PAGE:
pro se, challenges the district court's order adopting the
magistrate judge's recommendation to enforce a settlement
agreement reached through mediation. We affirm." Amended Compl.
¶¶ 87-88; Zhu v. Countrywide Realty Co., No. 02-3087, 2003 U.S.
App. LEXIS 12306, at *2 (10th Cir. June 18, 2003).
In this Court, Ms. Zhu alleged that the Magistrate Judge, the
District Court Judge, and the Tenth Circuit Judges denied or
deprived her of the rights secured by the Fair Housing Act and
the Civil Rights Acts. Attorney General John Ashcroft was named
as a defendant because he "should have prevented commission of
wrongs conspired [and] done in the United States" to deny and
deprive Ms. Zhu of these rights and protections. Pl.'s Opp. at
12. Because these federal officials are sued in their official
capacities, the United States is substituted as the sole
II. LEGAL STANDARDS
Pursuant to Federal Rule of Civil Procedure 12(b)(1), the
plaintiff bears the burden of proving by a preponderance of the
evidence that the Court possesses jurisdiction over her claims.
See Gustave-Schmidt v. Chao, 226 F. Supp. 2d 191, 195 (D.D.C.
2002). In reviewing a motion to dismiss under Rule 12(b)(1), the
Court must accept the allegations in the complaint as true and
draw all reasonable inferences in the plaintiff's favor. These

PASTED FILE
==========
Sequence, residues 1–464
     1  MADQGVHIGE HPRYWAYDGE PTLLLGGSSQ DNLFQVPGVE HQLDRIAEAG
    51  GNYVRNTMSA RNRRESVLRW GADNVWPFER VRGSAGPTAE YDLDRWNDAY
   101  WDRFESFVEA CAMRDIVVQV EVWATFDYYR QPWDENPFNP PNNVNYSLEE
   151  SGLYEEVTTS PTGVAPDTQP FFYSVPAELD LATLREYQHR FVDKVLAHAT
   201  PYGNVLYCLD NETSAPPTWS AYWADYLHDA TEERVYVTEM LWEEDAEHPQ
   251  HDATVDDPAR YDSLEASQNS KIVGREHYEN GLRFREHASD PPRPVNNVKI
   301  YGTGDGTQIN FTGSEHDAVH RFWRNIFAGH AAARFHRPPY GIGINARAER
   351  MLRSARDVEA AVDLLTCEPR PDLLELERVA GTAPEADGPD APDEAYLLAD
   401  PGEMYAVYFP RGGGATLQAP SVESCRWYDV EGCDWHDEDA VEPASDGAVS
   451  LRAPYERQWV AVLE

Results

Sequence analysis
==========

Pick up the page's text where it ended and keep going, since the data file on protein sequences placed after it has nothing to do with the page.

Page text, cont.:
allegations, however, "`will bear closer scrutiny in resolving a
12(b)(1) motion' than in resolving a 12(b)(6) motion for failure
to state a claim." Grand Lodge of Fraternal Order of Police v.
Ashcroft, 185 F. Supp. 2d 9, 13-14 (D.D.C. 2001) (quoting 5A
CHARLES ALAN WRIGHT & ARTHUR R. MILLER, FEDERAL PRACTICE &
PROCEDURE2D, § 1350). The Court may consider information outside
of the pleadings to determine its jurisdiction. See Lipsman v. Sec'y of Army,
257 F. Supp. 2d 3, 6 (D.D.C. 2003).
For the court to grant a motion to dismiss pursuant to Rule
12(b)(6) of the Federal Rules of Civil Procedure, it must
"appear? beyond doubt that the plaintiff can prove no set of
facts in support of his claim that would entitle him to relief."
Conley v. Gibson, 355 U.S. 41, 45-46 (1957); Kowal v. MCI
Communications Corp., 16 F.3d 1271, 1276 (D.C. Cir. 1994). The
threshold inquiry in resolving a motion to dismiss is not whether
the plaintiff will ultimately prevail, but whether he or she is
entitled to offer evidence to support his or her claims. See
Scheuer v. Rhodes, 416 U.S. 232, 236 (1974), overruled on other
grounds, Davis v. Scherer, 468 U.S. 183 (1984). Just as with a
motion to dismiss pursuant to Rule 12(b)(1), "the court must